Albert Pujols: All Those Little Things Add Up

April 25, 2012; St. Petersburg, FL, USA; Los Angeles Angels first baseman Albert Pujols (5) reacts in the dugout after he struck out in the third inning against the Tampa Bay Rays at Tropicana Field. Mandatory Credit: Kim Klement-US PRESSWIRE

I recently changed jobs. My job is pretty easy, the type of work where you can pull a guy off the street and within a couple of weeks he'd be doing fine. While doing this job, the company I work for likes to track a person's production as they do the task assigned. Typically, my production is in the 120-130% range, in other words, I'm the Albert Pujols of my department, but after working in my previous department for a little over a year, I changed jobs.

Actually, I didn't change job, but rather I changed the department in which I did my job. The different departments within my company work various hours in order to avoid having too many people working at one time and running into each other. The situation at home had changed for me, so I needed to shift my hours a bit. I now do the exact same job, just in a different area.

Anyway, as I mentioned, the company I work for tracks our production and we get a weekly update of how we are doing. After I had changed departments, to my surprise my production had dropped. I was still earning my paycheck, but my production had fallen into the 100-110% range. Although I was still doing the exact same tasks, the change in environment must have had an effect on my production, as that was the only variable that had changed. After a just a couple of weeks, my production returned to its Pujols levels and everything was back to normal. All it took was getting accustomed to my new environment and work space.

Imagine you're standing in your kitchen getting ready to eat a fat, juicy burger, but you realize you forgot the ketchup. You step back, open the refrigerator door, and without looking reach into the frig and pull out the bottle. The next week you're at a friend's house and he asks you to grab the ketchup. That's a whole new routine-is it on the bottom shelf or top? Left side or right? It's such a small thing, but it changes the entire process. Or one of your co-workers asks you to hand her the stapler. "Here you go", you say as you grab it without looking. Could you do that if you were sitting at someone else's desk?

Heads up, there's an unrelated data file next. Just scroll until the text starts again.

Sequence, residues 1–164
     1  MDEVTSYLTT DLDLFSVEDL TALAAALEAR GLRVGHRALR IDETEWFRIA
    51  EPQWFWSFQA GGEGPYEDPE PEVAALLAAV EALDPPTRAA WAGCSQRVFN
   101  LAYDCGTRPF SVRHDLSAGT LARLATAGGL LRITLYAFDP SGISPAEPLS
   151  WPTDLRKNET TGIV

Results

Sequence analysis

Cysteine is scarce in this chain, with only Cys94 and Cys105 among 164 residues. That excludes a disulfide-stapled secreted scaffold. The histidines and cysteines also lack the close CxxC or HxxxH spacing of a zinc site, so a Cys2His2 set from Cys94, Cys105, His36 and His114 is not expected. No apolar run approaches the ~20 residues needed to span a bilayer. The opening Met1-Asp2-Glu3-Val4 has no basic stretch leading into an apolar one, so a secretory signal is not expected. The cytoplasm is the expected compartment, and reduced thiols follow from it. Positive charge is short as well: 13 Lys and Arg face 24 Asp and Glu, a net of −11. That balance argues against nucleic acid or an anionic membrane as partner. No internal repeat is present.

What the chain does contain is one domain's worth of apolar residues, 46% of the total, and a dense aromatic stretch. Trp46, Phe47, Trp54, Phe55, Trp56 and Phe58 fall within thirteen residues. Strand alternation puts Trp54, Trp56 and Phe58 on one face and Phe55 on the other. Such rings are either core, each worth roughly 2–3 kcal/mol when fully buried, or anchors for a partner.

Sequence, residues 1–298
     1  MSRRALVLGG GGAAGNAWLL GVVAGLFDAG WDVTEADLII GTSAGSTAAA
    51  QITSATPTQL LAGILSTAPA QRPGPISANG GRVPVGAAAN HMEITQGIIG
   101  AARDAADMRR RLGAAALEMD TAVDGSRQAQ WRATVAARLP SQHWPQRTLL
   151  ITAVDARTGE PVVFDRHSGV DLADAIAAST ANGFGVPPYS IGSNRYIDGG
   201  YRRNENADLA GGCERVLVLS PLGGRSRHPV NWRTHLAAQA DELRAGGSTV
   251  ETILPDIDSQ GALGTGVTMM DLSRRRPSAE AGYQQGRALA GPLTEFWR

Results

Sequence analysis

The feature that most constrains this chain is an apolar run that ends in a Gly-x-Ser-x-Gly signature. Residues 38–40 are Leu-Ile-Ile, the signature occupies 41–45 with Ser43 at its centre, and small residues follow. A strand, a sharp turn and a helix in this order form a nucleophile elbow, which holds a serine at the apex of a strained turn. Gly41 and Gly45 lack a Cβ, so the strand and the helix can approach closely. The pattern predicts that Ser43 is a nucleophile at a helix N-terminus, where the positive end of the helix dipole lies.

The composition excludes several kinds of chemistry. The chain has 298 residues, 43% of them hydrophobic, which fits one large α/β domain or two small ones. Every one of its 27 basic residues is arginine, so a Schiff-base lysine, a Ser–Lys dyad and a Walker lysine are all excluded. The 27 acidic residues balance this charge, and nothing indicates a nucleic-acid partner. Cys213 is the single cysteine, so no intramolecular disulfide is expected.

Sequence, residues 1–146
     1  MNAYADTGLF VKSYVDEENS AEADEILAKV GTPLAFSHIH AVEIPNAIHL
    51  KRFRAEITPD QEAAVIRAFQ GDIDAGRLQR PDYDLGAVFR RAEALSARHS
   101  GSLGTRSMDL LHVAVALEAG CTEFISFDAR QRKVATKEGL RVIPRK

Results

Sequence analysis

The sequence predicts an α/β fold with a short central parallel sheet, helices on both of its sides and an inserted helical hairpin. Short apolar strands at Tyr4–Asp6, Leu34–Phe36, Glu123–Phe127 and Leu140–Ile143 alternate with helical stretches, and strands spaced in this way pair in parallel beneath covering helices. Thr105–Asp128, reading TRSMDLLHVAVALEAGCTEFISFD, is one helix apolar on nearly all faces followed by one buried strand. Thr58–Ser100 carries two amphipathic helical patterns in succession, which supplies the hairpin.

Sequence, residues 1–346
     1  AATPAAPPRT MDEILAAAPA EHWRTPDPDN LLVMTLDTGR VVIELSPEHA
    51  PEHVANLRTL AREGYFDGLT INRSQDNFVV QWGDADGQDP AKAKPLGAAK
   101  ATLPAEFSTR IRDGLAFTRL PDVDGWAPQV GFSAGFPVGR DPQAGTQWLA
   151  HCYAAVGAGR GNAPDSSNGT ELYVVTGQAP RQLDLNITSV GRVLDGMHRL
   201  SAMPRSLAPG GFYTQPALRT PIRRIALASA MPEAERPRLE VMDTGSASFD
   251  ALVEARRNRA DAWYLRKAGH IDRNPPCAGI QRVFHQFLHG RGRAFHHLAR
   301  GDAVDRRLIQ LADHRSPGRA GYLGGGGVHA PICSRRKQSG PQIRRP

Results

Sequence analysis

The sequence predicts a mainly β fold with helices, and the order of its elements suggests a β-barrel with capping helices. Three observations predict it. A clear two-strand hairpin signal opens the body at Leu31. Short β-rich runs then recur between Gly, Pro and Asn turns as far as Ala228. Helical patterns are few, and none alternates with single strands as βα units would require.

What does this have to do with baseball or the Angels? My tasks are mindless; anyone can do them with little effort and can maintain an acceptable level of performance. Make a little change and eventually things return to normal. Can you imagine if my tasks were difficult? How much do minor changes have on tasks that require world-class skill?

This is why I feel Albert Pujols will return to the player he was in St. Louis. He has had changes in the normal, daily routine that he does. And I'm not talking about the change of league and having to face new pitchers, but rather the little things that he does every day. Where's does his batting helmet go? It's now 35 steps to his locker instead of 20. What time is batting practice? The batting cages are now to his left instead of to his right. Where's the ketchup?

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